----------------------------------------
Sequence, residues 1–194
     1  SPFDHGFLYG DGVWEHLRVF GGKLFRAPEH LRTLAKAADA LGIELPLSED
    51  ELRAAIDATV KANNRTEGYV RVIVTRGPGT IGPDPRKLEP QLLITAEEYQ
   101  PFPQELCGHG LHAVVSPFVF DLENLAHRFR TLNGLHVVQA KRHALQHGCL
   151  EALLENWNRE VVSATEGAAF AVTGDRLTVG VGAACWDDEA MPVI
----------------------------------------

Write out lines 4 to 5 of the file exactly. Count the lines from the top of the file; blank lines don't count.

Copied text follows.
   101  PFPQELCGHG LHAVVSPFVF DLENLAHRFR TLNGLHVVQA KRHALQHGCL
   151  EALLENWNRE VVSATEGAAF AVTGDRLTVG VGAACWDDEA MPVI